By Sylvia Binkley
An exciting new arrival from Marigold is a learning kit for children ages four to seven. The kit is called Learn to Code. It’s to be used with the help of a parent and is an excellent tool to help children become “coding leaders.” It includes Fisher Price Code-d-pillars and the coding board game Robot Turtles. Raspberry Pie, another computer programming tool, will soon be available. If you are interested in using these speak to our librarian Lynda and she will order them for you.
We have a seasonal craft box in the children’s area for drop-in play. Its use is very popular. One’s child can come in and just play. He does not necessarily have to take a book out.
The library has received 50 audio books from CELA for the Daisy Player. They include westerns, Tom Clancy, Nora Roberts and Lawrence Hill.
Season one of The Crown is now in. New books in for children are I Love You Like a Pig, a celebration of the many ways we love each other. Also, How To Catch a Star, about a boy who loved stars so much he wanted to catch one of his own. For adults, The Last Ballad by Wiley Cash and The Knowing by Sharon Cameron. In non-fiction, Pretty Tough Plants – 135 resilient, water smart choices for a beautiful garden.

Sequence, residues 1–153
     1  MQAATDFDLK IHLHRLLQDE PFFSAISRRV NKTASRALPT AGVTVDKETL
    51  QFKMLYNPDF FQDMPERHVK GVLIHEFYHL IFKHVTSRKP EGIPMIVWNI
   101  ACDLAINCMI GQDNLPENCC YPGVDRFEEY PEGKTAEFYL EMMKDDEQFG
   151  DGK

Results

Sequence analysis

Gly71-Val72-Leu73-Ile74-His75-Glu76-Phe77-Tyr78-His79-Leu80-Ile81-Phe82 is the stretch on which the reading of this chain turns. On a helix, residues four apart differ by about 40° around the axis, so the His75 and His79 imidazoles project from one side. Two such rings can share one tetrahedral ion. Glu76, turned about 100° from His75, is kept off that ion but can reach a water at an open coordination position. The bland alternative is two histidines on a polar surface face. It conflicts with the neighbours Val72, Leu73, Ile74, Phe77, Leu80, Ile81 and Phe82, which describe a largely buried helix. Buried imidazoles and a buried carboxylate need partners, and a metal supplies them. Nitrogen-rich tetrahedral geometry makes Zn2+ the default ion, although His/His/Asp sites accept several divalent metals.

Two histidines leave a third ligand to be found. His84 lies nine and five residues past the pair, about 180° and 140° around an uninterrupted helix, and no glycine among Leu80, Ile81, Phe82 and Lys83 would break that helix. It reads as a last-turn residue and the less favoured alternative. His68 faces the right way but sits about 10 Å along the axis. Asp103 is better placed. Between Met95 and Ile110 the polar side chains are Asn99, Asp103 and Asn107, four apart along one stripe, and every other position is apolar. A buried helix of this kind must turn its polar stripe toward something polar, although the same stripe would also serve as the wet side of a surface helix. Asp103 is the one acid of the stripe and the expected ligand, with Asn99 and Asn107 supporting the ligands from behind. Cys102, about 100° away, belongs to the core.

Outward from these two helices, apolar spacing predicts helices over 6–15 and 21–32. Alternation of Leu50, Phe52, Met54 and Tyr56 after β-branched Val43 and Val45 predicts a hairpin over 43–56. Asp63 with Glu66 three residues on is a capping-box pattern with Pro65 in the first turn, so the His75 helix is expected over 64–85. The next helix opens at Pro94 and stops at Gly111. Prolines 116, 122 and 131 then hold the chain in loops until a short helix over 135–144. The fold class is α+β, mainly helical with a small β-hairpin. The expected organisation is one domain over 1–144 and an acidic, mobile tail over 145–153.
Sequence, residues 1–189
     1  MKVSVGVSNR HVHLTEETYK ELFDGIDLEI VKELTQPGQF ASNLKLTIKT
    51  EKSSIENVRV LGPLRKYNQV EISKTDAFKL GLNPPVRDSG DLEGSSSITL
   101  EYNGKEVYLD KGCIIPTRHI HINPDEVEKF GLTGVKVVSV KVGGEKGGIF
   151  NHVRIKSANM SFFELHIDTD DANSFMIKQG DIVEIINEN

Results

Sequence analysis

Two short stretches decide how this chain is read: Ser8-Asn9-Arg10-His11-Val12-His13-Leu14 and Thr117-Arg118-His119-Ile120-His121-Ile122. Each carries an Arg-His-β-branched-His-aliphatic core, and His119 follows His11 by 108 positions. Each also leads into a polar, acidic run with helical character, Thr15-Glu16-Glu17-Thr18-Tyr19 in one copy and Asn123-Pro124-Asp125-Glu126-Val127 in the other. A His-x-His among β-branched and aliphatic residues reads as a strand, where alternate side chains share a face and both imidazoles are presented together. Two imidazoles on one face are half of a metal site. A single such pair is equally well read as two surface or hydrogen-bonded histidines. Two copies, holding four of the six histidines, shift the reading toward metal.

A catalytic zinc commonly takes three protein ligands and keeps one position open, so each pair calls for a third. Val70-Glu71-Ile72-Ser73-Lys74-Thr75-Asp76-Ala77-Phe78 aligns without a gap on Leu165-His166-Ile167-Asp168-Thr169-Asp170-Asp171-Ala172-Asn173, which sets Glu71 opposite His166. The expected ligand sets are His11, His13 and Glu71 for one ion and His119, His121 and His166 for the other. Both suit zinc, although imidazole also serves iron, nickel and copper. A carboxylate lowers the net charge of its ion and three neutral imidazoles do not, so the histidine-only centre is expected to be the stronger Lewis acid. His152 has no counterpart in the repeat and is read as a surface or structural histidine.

Hopefully, in the New Year, a group for photographers will be formed. The writers group is flourishing, as is the crib club.
The library will be closed Dec. 26, 27 and 28.
An interesting read is Miller’s Valley by Anna Quindlen, author of Plenty of Candles, Plenty of Cake. The novel is a story set in the 1960’s on the American prairie and is a family saga filled with love, sorrow and mystery. Your family history will come alive, as the heroine’s memories unfold on the pages. The book asks the question, “What is home?” Is it the people who make a place familiar and loved, or is it the tie to the land that has been in the family for generations?
Quindlen explores this theme thoughtfully and insightfully.
Another holiday read might be The Inner Life of Animals by Peter Wohlleben, author of The Hidden Life of Trees. He explores the idea that animals feel love, grief and compassion just as we do. He cites many studies that prove that they do.
Happy reading and happy holidays